Recently, the topic of cosigning a loan came up in a conversation I was having with a friend. Someone I know of cosigned a loan for another person, and now the original borrower isn’t paying any of the monthly payments. They are doing this on purpose – to get back at the person who cosigned a loan for them because of a recent falling out.
The above may sound crazy, but I have heard many stories where a person cosigned a loan and it went badly. Being a cosigner can have many consequences.
I did some research to see if there were any others who had shared crazy cosigning stories. I came across Learnvest’s article The Mistake That Plunged My Credit Score 200 Points. If you don’t believe me after reading today’s post that cosigning a loan, in general, is a bad idea, I recommend you read that article plus all of the comments on it.
Here’s a little snippet from that article:
It wasn’t until the fall of 2009, when I was thinking about getting satellite television, that I checked my credit report and discovered $10,000 in past due payments. My friend had missed not one, not two, but three mortgage payments!
Another interesting post is one I found on Reddit titled Co-Signing on a loan mistake.
As you can see, there are many who have an unfortunate story to share.
Here’s what you need to know about cosigning a loan.
What is a cosigner?
A cosigner is someone who agrees to be on a loan with another person so that they are more likely to be approved. For example, if your friend can only get a car with a cosigner (either due to them having a low credit score, not making enough money, etc.), then they may ask you to cosign so they can get approved.
However, a cosigner is agreeing to pay off the debt if the original borrower is unable to pay it in the future. So, even if the original borrower doesn’t pay a penny, the cosigner would have to make all of the payments or risk being sued, credit report damage, and more.
Cosigning a loan may prevent you from being approved for future loans.
If you are thinking about buying a house, car, or something else soon that will need to be financed, you should think long and hard before you decide to be a cosigner on someone else’s loan.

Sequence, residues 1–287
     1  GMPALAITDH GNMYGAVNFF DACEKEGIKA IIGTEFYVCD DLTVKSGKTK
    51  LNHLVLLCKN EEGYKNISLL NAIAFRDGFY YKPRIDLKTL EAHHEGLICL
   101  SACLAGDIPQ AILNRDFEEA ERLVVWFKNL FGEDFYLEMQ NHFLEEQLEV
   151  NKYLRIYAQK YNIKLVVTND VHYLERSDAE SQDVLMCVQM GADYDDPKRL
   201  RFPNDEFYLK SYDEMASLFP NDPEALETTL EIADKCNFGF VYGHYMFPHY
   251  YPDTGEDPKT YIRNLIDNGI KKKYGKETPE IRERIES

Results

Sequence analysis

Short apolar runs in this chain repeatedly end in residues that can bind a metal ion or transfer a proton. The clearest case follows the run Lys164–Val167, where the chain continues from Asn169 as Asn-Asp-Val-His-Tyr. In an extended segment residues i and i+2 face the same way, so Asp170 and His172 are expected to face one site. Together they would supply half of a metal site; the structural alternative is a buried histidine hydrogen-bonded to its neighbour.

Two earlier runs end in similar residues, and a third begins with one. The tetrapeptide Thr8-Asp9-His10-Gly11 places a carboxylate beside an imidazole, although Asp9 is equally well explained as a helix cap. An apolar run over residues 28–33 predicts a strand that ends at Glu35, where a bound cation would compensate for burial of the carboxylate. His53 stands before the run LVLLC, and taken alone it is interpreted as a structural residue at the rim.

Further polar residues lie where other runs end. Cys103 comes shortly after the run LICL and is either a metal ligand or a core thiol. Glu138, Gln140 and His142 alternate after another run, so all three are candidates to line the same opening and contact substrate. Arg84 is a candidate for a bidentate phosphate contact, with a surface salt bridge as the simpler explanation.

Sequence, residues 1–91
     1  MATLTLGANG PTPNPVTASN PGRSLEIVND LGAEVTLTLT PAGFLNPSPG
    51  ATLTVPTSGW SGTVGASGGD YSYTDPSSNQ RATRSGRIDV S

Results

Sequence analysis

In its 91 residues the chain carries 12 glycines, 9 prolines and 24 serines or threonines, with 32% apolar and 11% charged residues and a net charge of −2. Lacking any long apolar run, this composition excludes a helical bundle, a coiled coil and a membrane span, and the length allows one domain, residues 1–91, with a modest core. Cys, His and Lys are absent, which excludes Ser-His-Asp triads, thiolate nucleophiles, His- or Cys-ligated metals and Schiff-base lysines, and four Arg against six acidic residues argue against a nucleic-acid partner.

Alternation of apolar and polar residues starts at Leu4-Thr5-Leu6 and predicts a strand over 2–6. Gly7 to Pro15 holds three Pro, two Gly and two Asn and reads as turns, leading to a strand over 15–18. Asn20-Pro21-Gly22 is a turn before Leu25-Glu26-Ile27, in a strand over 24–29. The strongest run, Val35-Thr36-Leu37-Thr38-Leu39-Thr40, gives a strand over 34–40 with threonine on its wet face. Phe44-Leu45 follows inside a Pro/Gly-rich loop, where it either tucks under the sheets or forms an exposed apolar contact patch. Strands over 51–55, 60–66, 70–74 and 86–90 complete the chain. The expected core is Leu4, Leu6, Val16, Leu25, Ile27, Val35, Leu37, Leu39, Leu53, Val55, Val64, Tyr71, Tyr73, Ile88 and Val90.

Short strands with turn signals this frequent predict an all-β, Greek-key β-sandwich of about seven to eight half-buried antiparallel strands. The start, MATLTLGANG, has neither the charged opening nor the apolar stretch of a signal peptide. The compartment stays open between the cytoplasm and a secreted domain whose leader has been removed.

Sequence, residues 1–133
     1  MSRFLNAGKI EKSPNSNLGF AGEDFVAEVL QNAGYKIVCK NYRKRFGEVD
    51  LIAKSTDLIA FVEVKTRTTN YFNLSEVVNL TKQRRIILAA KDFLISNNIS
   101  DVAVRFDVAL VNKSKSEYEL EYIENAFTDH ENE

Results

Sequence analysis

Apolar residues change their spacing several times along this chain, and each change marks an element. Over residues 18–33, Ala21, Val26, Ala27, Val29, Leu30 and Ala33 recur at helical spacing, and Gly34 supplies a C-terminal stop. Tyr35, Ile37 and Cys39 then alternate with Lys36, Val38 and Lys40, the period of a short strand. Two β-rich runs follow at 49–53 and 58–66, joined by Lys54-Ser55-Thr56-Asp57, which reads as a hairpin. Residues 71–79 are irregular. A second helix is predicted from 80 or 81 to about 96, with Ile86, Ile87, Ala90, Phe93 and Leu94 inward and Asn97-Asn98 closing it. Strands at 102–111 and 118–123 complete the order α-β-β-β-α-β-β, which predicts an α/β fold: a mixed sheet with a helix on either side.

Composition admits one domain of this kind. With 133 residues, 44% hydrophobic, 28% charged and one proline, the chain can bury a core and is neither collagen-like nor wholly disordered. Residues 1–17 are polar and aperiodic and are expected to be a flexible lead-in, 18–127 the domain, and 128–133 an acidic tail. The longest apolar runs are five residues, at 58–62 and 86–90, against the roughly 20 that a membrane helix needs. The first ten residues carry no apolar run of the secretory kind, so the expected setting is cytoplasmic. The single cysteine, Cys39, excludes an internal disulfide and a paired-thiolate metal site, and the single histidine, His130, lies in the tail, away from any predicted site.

This is for multiple reasons.
One, if the person doesn’t pay the monthly bills on time then you may be rejected for a loan in the future. Missed payments can damage your credit score and your credit report.
Two, your debt-to-income ratio will increase. So, even if your friend/family member pays every single bill on time, your debt to income ratio will increase and this may prevent a lender from approving your loan because they will think you have too much debt on your plate.
Being a cosigner isn’t something you can easily get rid of.
There’s not much you can do to remove yourself from a loan that you cosigned on. If the person isn’t making payments, you are stuck with it for the most part.
The loan would have to be refinanced to get your name off of it in most cases and there are many horror stories out there where the original borrower refused to refinance because then they wouldn’t be able to force the cosigner to continue to pay the monthly bill.
Plus, there are instances in which refinancing is impossible because of values tanking, the economy changing, and so on. So, while the original borrower may want to get you off the loan and refinance, it’s entirely up to the lender.
Cosigning a loan can ruin relationships.
Many cosigning relationships go sour. I have heard of many stories where someone cosigned a loan for someone else and then didn’t talk to them for decades because of a falling out of some sort.
I have always been a firm believer that money and relationships do not mix well. If you are going to cosign or lend money to someone then you should consider it a gift because there is a chance that you will never see that money again.
Cosigning a loan is up to you.
Everyone always feels like all of the cosigning horror stories out there would never happen to them. However, isn’t that how you think all cosigners felt at one time as well?
It’s up to each individual person to decide if they will cosign. However, I want you to remember that if you cosign then you should make sure that you can afford to make the monthly payment.
You never know – one day you may be making them. The original borrower may be a great person, but they may lose their job, have an unexpected expense come up, or something else that prevents them from paying their bills.
Cosigning a loan may not always be bad. However, I believe it’s better to realize what the consequences may be. It’s always better to be prepared!
Would you ever try cosigning a loan and being a cosigner? Why or why not?